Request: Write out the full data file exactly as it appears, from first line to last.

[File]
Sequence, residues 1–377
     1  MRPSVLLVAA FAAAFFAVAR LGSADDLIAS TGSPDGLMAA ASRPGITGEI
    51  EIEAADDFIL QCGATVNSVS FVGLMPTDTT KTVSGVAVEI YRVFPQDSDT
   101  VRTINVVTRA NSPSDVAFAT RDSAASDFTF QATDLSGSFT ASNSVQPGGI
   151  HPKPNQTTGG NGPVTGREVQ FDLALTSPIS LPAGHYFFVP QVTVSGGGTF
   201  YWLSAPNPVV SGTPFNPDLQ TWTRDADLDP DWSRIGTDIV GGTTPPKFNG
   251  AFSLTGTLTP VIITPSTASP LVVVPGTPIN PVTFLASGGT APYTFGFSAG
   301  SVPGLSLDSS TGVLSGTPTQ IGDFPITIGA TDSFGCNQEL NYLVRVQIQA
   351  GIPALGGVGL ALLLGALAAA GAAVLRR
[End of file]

Sequence, residues 1–377
     1  MRPSVLLVAA FAAAFFAVAR LGSADDLIAS TGSPDGLMAA ASRPGITGEI
    51  EIEAADDFIL QCGATVNSVS FVGLMPTDTT KTVSGVAVEI YRVFPQDSDT
   101  VRTINVVTRA NSPSDVAFAT RDSAASDFTF QATDLSGSFT ASNSVQPGGI
   151  HPKPNQTTGG NGPVTGREVQ FDLALTSPIS LPAGHYFFVP QVTVSGGGTF
   201  YWLSAPNPVV SGTPFNPDLQ TWTRDADLDP DWSRIGTDIV GGTTPPKFNG
   251  AFSLTGTLTP VIITPSTASP LVVVPGTPIN PVTFLASGGT APYTFGFSAG
   301  SVPGLSLDSS TGVLSGTPTQ IGDFPITIGA TDSFGCNQEL NYLVRVQIQA
   351  GIPALGGVGL ALLLGALAAA GAAVLRR